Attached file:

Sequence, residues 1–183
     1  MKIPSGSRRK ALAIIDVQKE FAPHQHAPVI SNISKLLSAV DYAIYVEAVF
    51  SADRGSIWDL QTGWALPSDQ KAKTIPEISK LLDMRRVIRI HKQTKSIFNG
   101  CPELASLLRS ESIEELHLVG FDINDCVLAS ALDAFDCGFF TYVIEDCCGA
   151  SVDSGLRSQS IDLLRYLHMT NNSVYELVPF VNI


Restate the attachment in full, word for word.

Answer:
Sequence, residues 1–183
     1  MKIPSGSRRK ALAIIDVQKE FAPHQHAPVI SNISKLLSAV DYAIYVEAVF
    51  SADRGSIWDL QTGWALPSDQ KAKTIPEISK LLDMRRVIRI HKQTKSIFNG
   101  CPELASLLRS ESIEELHLVG FDINDCVLAS ALDAFDCGFF TYVIEDCCGA
   151  SVDSGLRSQS IDLLRYLHMT NNSVYELVPF VNI